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The wise guys (12/04/2005)
By Janet Lewis Burns

And the end of all our exploring

Will be to arrive where we started

And know the place for the first time.

- T.S. Eliot

Do people read self-help books to determine if they are who they think they are? What is the big search all about? Is everyone becoming religiously despondent, or overzealous for some mysterious truth to set them free?

Henry David Thoreau was hard-nosed concerning the human race. "Why should we live with such hurry and waste of life? We are determined to be starved before we are hungry," he wrote in his infamous "Walden."

It's high time to commingle "religion" and "spirituality." As it comes down to "good" and "evil," globally, the strength is in the numbers and through the divine. "The soul is superior to its knowledge; wiser than any of its works," Ralph Waldo Emerson muses. Another wise guy.

Then there's all this hype about sophisticated communications, instantaneous information, and e-mail connections. An overload of yak and yammer may literally be draining the human brain. Thus reports psychiatrist Glenn Wilson from King's College, London. Here's the skinny:

When participants were asked to carry out problem-solving tasks while bombarded with e-mails and phone calls, their IQs dropped an average of ten points. Apparently such interruptions aren't easily blocked out. (I thought it was just me.)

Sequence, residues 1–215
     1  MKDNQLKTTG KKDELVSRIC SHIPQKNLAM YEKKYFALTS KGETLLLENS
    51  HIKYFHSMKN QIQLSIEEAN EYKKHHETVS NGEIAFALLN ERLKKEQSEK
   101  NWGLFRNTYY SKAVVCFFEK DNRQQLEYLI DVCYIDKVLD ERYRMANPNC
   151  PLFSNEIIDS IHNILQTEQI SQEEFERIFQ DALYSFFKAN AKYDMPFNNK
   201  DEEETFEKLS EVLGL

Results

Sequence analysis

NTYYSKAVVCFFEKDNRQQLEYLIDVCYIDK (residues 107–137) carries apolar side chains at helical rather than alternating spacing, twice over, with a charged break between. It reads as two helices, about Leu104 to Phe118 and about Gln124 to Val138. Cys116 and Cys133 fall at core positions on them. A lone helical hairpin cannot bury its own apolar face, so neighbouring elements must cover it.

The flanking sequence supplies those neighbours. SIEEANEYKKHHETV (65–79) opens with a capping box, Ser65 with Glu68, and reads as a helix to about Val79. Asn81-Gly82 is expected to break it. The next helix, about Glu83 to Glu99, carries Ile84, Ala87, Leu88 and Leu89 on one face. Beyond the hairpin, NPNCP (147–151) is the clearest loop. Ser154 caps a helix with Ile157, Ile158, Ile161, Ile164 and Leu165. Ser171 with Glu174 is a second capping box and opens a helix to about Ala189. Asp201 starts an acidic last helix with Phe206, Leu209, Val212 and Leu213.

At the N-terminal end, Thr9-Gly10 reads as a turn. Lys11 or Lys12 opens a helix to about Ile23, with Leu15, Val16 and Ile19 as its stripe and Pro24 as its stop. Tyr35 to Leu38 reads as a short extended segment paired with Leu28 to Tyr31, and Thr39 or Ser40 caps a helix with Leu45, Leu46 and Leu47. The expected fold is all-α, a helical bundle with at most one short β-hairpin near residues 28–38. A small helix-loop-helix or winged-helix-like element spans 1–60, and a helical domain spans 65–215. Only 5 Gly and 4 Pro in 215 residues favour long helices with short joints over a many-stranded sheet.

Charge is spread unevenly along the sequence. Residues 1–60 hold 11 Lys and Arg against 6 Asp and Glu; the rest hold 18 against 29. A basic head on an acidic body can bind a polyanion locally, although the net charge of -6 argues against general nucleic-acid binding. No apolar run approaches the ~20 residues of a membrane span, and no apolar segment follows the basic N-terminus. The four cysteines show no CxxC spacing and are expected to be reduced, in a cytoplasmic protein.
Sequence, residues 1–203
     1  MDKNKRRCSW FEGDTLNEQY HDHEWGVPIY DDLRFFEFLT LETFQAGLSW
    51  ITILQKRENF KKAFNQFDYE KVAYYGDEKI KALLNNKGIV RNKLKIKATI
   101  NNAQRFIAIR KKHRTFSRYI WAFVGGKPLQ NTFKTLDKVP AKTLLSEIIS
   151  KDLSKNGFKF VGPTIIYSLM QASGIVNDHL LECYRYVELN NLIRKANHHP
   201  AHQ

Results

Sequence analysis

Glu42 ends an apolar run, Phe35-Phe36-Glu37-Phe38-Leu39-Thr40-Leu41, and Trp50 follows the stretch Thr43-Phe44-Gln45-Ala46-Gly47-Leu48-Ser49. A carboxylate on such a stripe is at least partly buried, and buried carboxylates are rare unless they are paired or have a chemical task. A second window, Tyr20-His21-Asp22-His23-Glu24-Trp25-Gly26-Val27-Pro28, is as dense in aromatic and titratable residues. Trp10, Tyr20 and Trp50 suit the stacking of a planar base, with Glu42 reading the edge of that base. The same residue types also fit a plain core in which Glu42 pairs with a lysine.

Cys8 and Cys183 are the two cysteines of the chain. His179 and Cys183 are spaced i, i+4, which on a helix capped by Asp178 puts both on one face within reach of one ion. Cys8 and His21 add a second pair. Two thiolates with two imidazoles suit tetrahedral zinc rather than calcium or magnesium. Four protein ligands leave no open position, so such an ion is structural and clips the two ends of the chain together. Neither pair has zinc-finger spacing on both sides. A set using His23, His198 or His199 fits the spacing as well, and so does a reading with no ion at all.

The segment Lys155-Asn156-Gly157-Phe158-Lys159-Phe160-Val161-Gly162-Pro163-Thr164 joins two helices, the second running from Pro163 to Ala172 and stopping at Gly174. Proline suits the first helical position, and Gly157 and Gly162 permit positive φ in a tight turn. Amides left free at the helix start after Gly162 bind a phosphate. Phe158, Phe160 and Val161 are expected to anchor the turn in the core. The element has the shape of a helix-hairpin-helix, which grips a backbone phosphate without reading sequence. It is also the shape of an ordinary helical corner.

I love it when Emerson gets melodramatic. "The lover of nature is he whose inward and outward senses are still truly adjusted to each other, who has retained the spirit of infancy even into the era of manhood." "Gaga goo goo" might work in a pinch.

It's probably a good thing that there's no e-mail connection with these deep thinkers; there's no way they'd stoop to improper English or inferior composition. They did it the old fashioned way - midnight oil, parchment, head scratching, and a full inkwell.

Contemplation is making a comeback. Setting the scene for meditating is an entirely personal experience. One has to literally schedule an "escape" occasion.

That reminds me of John Prine lyrics. "Oh, my stars, my Linda's gone to Mars, and I wonder if she'll bring me something home." He's always kept the heart of my muse flowing with mirth. What would Ralph say?

When I feel meditative, as the sun is setting through our large west windows, I flick on a switch in our living room, and there's my "Mars," melted across the white carpet. A light appears in my curio cabinet, resurrecting my special things.

There rests my Marilyn Monroe plates, "Beautiful Dreamer" music box, the black band with piano man and Billie Holiday singer, Mother's worn leather purse and diary, and miniature suitcases, purses, baby shoes and instruments. Farther down the wall, a blinking fiber optic Bonsai tree illuminates family pictures and old books in purple, green, red and blue.

From a frosted glass lamp shade, a glow encircles one of my own favorite black and white photographs, of a concrete park bench by Lake Winona, leafy limbs silhouetted over it and, across rippling water, the distant row of trees along Huff. Hills in hazy disguise make a muted backdrop.

This ambiance carries me to a serene dimension. With favorite music of the house, a glass of wine or a mug of tea, and comfortable lounge clothes, my mind is emptied of excess baggage. A picture album or a reflective journal or poem book can enhance the moment.

I have a feeling that Emerson didn't approve of "creating the mood." He advised, "...casting aside your trappings, and dealing man to man in naked truth."

Prine, speaking for all of us off-plumb, quirky ruminators, once sand, "I Ain't Hurtin' Nobody." He's also whined, "Quit Hollerin' At Me." Hmmm.

I don't know what I'd do without all of these wise guys. 


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